Second, the Club did a bit of a “never mind” when developing countries were upset that believing their forecasts meant they’d have to accept staying where they are now. This is from a 1973 executive committee document “clarifying” their position:

      An erroneous image of the Club has, therefore, formed as a group advocating zero growth. Again, the possible consequences of unregulated growth of the industrialized societies and, still more, those which would arise if growth were abruptly brought to a halt, has disturbed some of the less developed countries where, we have already said, the report is all too easily seen as a selfish proposal from the developed world which would still further aggravate the difficulties of the great mass of underprivileged on our planet.


      1. witters

        I send this before, but it never appeared.

        CSIRO Working Papers 2008-2009

        A Comparison of the Limits to Growth with Thirty Years of Reality, Graham Turner
        ABSTRACT In 1972, the Club of Rome’s infamous report “The Limits to Growth” (Meadows et al., 1972) presented some challenging scenarios for global sustainability, based on a system dynamics computer model to simulate the interactions of five global economic subsystems, namely: population, food production, industrial production, pollution, and consumption of non-renewable natural resources. Contrary to popular belief, The Limits to Growth scenarios by the team of analysts from the Massachusetts Institute of Technology did not predict world collapse by the end of the 20th Century. This paper focuses on a comparison of recently collated historical data for 1970–2000 with scenarios presented in the Limits to Growth. The analysis shows that 30 years of historical data compares favorably with key features of a business-as-usual scenario called the “standard run” scenario, which results in collapse of the global system midway through the 21st Century. The data does not compare well with other scenarios involving comprehensive use of technology or stabilizing behaviour and policies. The results indicate the particular importance of understanding and controlling global pollution.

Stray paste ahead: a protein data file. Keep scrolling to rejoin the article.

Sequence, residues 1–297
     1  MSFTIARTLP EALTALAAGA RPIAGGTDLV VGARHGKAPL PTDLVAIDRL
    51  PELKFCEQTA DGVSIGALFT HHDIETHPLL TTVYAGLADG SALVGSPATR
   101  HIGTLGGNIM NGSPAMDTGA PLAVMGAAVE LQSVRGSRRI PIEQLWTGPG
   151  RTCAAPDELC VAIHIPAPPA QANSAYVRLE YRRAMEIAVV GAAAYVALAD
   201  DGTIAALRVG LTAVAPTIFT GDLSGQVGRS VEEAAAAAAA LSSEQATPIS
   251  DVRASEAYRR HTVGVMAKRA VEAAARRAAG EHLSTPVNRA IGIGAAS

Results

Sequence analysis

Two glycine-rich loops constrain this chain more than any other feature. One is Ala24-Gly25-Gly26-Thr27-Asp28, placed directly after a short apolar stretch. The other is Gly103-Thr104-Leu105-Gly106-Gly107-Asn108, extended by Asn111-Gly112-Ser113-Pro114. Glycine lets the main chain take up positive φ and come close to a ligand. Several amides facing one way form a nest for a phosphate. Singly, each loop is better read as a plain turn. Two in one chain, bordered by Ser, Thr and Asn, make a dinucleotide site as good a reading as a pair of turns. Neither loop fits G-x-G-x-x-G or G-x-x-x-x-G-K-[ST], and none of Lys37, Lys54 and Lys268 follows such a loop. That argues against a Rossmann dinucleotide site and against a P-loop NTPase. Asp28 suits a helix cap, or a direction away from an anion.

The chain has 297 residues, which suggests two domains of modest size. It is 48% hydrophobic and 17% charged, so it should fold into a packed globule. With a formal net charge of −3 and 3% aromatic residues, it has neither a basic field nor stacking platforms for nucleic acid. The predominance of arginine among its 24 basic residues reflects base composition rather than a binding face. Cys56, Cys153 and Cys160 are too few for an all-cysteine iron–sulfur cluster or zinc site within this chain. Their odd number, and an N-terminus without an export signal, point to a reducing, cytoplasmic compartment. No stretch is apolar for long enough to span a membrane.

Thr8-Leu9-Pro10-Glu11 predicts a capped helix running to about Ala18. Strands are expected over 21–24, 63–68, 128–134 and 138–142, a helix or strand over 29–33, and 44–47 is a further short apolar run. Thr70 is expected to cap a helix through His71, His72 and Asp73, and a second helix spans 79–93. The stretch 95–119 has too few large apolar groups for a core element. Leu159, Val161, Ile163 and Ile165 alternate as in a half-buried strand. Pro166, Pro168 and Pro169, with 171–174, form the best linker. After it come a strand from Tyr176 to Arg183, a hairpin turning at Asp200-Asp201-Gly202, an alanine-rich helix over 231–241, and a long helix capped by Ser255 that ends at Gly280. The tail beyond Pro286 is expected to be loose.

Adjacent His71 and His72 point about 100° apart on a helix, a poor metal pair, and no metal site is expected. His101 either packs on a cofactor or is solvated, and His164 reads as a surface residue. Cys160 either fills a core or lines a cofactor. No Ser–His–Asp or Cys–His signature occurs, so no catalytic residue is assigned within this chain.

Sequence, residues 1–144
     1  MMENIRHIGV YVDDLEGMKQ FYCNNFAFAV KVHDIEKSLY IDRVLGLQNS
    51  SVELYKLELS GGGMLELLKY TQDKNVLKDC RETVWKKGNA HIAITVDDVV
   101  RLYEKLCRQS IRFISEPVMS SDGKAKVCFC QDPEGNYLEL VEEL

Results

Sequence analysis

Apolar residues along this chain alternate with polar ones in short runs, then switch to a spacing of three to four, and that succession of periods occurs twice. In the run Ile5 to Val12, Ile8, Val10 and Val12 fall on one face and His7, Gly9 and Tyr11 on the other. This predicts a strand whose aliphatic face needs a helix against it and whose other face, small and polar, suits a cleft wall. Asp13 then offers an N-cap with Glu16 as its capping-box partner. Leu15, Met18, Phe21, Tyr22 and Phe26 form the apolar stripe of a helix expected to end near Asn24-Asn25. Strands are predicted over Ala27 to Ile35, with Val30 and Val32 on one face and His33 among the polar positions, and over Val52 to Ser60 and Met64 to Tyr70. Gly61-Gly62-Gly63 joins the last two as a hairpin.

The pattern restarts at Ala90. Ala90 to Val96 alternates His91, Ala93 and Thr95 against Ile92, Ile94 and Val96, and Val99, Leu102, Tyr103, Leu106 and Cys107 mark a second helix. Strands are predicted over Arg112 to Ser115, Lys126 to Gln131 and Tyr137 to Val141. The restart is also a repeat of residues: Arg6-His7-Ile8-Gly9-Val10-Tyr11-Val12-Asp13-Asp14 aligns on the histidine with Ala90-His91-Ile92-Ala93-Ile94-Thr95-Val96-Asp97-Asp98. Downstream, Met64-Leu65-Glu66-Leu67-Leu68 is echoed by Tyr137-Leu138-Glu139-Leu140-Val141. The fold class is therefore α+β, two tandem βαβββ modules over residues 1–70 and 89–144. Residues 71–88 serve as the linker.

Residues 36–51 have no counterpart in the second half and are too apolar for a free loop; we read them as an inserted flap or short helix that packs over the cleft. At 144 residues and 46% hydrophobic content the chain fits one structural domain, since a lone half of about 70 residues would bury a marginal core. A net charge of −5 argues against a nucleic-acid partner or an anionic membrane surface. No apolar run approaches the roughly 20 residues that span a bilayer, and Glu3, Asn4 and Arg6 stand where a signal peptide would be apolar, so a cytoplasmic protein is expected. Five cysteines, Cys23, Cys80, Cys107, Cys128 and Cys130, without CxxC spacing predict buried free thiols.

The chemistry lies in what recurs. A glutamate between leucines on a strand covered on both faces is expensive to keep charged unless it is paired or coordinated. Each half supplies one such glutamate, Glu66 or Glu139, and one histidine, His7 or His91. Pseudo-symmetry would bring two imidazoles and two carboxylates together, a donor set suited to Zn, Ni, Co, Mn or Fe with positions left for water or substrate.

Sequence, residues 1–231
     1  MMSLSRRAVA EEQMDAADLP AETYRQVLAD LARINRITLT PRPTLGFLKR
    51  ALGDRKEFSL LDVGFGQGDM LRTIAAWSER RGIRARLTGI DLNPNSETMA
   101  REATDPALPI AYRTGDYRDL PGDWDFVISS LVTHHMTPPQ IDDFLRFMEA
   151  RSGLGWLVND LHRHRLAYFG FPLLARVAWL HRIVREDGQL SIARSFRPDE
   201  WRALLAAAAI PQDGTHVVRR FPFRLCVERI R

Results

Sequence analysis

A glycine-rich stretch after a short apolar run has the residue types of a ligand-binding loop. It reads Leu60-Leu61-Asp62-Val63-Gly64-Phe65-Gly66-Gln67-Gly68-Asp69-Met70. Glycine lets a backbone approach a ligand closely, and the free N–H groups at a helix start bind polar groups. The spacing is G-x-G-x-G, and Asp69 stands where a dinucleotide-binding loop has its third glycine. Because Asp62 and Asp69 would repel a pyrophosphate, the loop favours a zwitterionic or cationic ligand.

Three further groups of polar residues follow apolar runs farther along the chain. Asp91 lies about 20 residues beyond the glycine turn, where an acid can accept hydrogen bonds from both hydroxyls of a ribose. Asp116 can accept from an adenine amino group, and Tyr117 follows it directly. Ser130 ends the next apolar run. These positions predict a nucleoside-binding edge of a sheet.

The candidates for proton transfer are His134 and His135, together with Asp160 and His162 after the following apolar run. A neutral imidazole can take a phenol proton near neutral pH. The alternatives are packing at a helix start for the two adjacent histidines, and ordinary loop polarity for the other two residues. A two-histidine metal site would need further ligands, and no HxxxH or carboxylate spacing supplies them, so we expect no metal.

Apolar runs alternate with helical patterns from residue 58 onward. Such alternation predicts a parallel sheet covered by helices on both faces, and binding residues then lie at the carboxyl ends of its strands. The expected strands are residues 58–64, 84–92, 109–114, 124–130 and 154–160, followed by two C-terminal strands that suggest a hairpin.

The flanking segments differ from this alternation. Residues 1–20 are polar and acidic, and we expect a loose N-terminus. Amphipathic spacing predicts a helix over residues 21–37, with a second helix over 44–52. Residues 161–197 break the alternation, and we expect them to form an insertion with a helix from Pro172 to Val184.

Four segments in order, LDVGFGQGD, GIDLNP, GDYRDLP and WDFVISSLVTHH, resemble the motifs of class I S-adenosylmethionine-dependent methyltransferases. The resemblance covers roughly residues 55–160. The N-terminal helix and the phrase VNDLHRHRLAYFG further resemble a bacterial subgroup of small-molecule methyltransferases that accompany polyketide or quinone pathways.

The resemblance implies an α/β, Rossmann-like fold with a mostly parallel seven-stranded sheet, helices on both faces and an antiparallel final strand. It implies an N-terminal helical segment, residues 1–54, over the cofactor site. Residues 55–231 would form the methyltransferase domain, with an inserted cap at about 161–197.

1. Yves Smith Post author

          The “predictions” indeed were too aggressive. What the world runs out of first is potable water, which oddly they missed, and we’re on track for that happening in 2050. Note you don’t need potable water to grow food.

          The problem is when you put dates on things, people tend to hold you to them:

          Global Industrial output per capita reaches a peak around 2008, followed by a rapid decline
          Global Food per capita reaches a peak around 2020, followed by a rapid decline
          Global Services per capita reaches a peak around 2020, followed by a rapid decline
          Global population reaches a peak in 2030, followed by a rapid decline


          And one of the lead authors said they weren’t predicting…but if they weren’t, why the dates?

          In 2011 Ugo Bardi in “The Limits to Growth Revisited” argued that “nowhere in the book was it stated that the numbers were supposed to be read as predictions.”

          As someone old enough to remember the release of Limits to Growth, I thought it was sensible and important. It was successfully discredited and if anything wound up being a negative for conservation efforts.

  1. PlutoniumKun

    Unfortunately yes, the focus on resource renewal and population expansion in the 1970’s did damage the environmental message when many of the predictions turned out to be wrong. Although I suspect the main momentum was just the surge in neoliberalism in the 1980’s which swept away many alternative viewpoints in one big wave of ‘the market will cure it’.